Art News 2012

Ed Cohen's seductive process-oriented paintings record the fluid relationship between paint, gravity, and gesture.

This exhibition consisted of mostly square canvases in which circular forms radiate into and within the edges of the frame. The prevailing colors in these works were sanguine crimsons and pur­ples, evoking blood, and ultramarine, which produced an otherworldly light suggestive of sky and water.

The paintings tend to induce a medita­tive mood in the viewer who follows the course of their thin to thick threads of light and gesture. Titles such as Listen to the Soundless Rhythm (2011) allude po­etically to the works' contemplative na­ture. Like many of Cohen's other paintings in the show, this one has a range of sharply contrasting tones, re­calling the chemical interaction of a pho­tosensitive surface and the light source in darkroom photography.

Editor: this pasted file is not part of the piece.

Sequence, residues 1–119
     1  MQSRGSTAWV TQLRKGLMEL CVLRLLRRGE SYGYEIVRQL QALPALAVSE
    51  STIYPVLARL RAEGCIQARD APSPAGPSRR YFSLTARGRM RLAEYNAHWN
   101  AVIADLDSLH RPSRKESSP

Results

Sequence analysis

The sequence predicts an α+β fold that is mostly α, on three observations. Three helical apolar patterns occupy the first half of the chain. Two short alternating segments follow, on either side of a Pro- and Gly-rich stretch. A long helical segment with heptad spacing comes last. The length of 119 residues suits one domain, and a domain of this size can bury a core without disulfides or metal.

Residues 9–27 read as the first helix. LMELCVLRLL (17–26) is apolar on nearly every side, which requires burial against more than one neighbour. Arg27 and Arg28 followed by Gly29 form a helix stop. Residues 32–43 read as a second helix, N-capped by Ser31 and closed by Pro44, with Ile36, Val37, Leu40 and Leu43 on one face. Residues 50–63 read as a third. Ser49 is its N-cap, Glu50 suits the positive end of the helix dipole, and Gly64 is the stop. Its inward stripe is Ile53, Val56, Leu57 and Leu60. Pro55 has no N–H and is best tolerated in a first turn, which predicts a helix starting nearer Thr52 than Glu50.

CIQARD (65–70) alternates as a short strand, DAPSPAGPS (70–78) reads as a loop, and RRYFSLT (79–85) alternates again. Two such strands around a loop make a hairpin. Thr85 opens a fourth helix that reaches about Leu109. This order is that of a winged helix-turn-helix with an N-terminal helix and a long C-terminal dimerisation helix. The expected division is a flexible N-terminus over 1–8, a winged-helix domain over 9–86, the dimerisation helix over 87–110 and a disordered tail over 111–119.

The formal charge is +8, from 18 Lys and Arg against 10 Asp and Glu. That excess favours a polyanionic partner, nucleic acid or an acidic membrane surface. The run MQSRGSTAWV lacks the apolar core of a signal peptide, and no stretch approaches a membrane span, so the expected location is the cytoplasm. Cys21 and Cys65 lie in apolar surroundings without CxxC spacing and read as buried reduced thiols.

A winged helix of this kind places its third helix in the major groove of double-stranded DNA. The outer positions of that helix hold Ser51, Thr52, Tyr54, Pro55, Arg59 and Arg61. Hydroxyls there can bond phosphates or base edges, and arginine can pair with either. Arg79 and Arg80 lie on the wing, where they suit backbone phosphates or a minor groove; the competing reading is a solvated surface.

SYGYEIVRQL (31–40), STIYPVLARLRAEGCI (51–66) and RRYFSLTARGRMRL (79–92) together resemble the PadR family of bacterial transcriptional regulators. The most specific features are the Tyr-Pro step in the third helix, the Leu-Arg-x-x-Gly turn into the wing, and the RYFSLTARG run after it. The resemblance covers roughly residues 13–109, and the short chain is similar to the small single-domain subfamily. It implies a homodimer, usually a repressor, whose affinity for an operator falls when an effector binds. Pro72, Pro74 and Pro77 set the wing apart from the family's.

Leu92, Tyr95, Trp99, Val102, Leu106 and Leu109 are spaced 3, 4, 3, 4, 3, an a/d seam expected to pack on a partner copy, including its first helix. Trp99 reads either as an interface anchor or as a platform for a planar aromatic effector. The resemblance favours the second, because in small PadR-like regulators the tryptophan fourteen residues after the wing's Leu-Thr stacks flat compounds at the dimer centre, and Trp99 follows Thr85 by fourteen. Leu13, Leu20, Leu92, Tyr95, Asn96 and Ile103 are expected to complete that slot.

The title Developing a Cosmology of Eros (2011) calls attention to the pic­ture's sensuality, which is heightened by its shiny, glazed, jewel-like surface. Inter­estingly, the static glossy surfaces of some of the canvases often contrast with paint drips over the edges or across the panels, as in Untitled Diptych (2011).

While many of the paintings feature a monochromatic palette of ultramarines, suggesting aquatic patterns, organisms, and atmospheres, others are more about external surface than interior light. In Need of Music That Would Flow (2011) is an alluring exception. Blinding and fluo­rescent, this painting has a rich chro­matic depth. The flickers of intense light suggest afterimages or trailings, all of which addressed the exhibition's central focus: challenging the limits of pigment on canvas. -Greg Lindquist